It’s happening.  We’re milk painting builder grade oak kitchen cabinets, my friends.  It was only a matter of time! Here’s a glimpse of what we’re working with over at the cottage.  Don’t worry, that ancient stove is long gone.  In fact, the cabinet to the left is gone too as we made way for a dishwasher. kitchen cabinets before We removed the cabinet fronts and got to work prepping them for milk paint.  The doors have a beautiful, simple shape that will benefit immensely with a good cleaning, new paint and hardware. IMG_5799 Cooking grease, grime and residue all needed to be thoroughly removed.  I prefer to do this with a natural cleanser as to not introduce any harsh chemicals to the surface of the wood which milk paint may resist. I used a scouring pad to lift any grime while also lightly roughing up the current finish.  Then sprayed and wiped the surfaces.prepping cabinets for milk paint .. Vinegar is a fantastic natural cleanser.  But who can stand the smell of vinegar for very long?  Long enough to scrub 14 cabinets, 3 drawers and a lazy susan anyway.  There is a very easy fix for that…oranges! citrus cleanser-5807 About a year ago my friends introduced me to the simple concept of making citrus vinegar cleanser and I’ve never looked back.  I use it all over the house.  The oils in citrus peels also have natural cleaning abilities. DIY Citrus Cleanser Simply fill a glass jar with your orange, lemon and grapefruit peels and cover completely with white vinegar.  Seal the jar and allow the peels to soak for a minimum of a month.  You can shake it up from time to time.  The longer the peels soak, the stronger the citrus scent will be.  Figure out the ratio that you like best.  I let this most recent batch soak for about 3 months and it smells heavenly however the yield in cleaning solution was lower as the peels really soaked up the vinegar. citrus cleanser-5790 When you’re ready, simply funnel or strain the cleanser into a spray bottle and start cleaning.  The remaining vinegar soaked peels can be composted.  Smile because you just saved a ton of money! citrus cleanser-5794 Here’s a sneak peek of where the cabinet fronts are with one coat of MMSMP Mora and bonding agent…  To be continued. citrus cleanser-5801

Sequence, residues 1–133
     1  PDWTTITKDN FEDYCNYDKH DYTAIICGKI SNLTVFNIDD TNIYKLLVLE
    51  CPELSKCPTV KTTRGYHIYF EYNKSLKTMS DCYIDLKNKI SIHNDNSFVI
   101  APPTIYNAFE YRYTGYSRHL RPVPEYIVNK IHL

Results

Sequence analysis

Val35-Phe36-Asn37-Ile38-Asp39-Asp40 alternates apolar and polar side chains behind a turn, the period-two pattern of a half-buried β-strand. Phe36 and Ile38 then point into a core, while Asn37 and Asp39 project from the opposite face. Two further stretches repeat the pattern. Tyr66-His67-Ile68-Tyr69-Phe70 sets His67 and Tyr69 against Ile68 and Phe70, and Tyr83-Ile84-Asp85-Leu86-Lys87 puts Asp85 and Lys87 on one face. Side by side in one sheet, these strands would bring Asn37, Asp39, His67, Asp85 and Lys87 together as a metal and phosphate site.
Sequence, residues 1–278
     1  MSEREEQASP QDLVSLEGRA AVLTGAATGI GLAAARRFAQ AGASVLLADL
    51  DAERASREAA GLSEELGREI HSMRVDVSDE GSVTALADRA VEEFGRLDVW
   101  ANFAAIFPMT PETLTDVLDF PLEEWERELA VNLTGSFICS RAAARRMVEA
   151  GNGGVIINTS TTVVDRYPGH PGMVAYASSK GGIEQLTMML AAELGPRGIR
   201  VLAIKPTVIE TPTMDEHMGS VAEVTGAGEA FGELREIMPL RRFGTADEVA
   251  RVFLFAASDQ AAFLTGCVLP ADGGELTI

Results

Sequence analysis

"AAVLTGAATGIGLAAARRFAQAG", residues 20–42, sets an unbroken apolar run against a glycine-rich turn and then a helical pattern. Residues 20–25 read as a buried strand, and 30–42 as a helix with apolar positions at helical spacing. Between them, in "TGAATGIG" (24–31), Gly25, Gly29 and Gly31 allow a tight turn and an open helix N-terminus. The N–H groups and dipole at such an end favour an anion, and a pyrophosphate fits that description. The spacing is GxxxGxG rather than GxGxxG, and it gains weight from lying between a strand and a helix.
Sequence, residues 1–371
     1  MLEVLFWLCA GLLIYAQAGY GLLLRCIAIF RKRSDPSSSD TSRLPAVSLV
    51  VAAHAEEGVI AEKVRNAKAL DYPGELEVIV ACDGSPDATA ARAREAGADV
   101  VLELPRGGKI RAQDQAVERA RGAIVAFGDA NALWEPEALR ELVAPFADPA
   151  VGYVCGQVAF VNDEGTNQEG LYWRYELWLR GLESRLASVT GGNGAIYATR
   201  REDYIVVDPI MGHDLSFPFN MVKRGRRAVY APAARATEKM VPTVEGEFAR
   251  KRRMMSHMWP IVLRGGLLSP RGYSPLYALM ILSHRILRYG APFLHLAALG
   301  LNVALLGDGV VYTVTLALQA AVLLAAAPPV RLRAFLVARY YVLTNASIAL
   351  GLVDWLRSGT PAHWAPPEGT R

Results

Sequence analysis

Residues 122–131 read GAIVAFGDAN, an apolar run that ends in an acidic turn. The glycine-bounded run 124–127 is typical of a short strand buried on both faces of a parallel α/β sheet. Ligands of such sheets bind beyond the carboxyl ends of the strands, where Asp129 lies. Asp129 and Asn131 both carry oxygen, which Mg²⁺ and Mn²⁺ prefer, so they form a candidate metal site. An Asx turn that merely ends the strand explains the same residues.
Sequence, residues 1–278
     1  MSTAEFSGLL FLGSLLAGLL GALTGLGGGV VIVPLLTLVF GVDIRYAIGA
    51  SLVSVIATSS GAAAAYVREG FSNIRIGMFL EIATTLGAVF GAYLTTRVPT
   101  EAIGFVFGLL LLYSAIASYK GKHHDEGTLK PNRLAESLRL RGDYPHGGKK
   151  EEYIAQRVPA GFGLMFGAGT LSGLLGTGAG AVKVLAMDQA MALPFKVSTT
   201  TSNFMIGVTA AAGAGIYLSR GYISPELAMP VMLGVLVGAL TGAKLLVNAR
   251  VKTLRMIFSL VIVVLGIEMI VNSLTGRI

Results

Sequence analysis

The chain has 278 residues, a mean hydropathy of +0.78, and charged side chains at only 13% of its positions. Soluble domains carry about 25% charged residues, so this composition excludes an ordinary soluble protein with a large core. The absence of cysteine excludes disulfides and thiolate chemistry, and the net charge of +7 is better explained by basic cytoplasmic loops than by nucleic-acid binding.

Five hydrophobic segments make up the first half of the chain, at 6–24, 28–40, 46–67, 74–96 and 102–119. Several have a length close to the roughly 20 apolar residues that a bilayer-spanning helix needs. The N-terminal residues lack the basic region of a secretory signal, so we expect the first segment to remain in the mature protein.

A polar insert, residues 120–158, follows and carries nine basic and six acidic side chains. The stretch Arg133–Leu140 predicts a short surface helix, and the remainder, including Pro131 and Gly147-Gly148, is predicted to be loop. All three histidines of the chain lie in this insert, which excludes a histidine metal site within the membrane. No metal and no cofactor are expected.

bookmark it

Busy bees over here.  Would you believe we are about knee-deep in Christmas inventory and decor for the shop?  True story.  But I’m not ready to jump the gun and share photos of Christmas just yet.  We are, however, stocking more books this time of year as they make the perfect gift.  I am very excited about the selection of garden to table books we have at The West End Garage in Cape May.

garden to table book inventory at West End Garage-4717

The newest release is the The Kitchn Cookbook from Apartment Therapy’s sister website, The Kitchn.  I’ve been paging through it the last couple of days.  This isn’t just a cookbook but more of a textbook with some really practical lessons like knife skills and kitchen layout.  The Kitchn Cookbook

I truly enjoy all of these gardening, cooking and cocktail books and reference them in my own home.  They live right in the kitchen.  We recently picked up a potting bench that we’re using as a microwave cart.  It is a fantastic addition to our kitchen.  Check out that zinc top!  The drawer holds linens and the shelf neatly organizes those books.  In addition, the pegs on the side allow tea towels to hang.

zinc top potting bench as microwave cart

We also started stocking Philadelphia-made diagram tea towels from Girls Can Tell.  I love their quirky designs and am especially drawn to the garden themes.  The evergreens are new in store.

Girls Can Tell for sale at West End Garage-4719

And while we’re making the rounds of new inventory, I must tell you about my latest obsession.  P.F. Candle Co. has the most delightful scents.  We’ve got some seasonal scents such as apple picking and pumpkin spice.  I can’t decide which is my favorite.  The simple packaging and branding make me very happy.  Check out the cute little amber jars.

autumn soy candle at West End Garage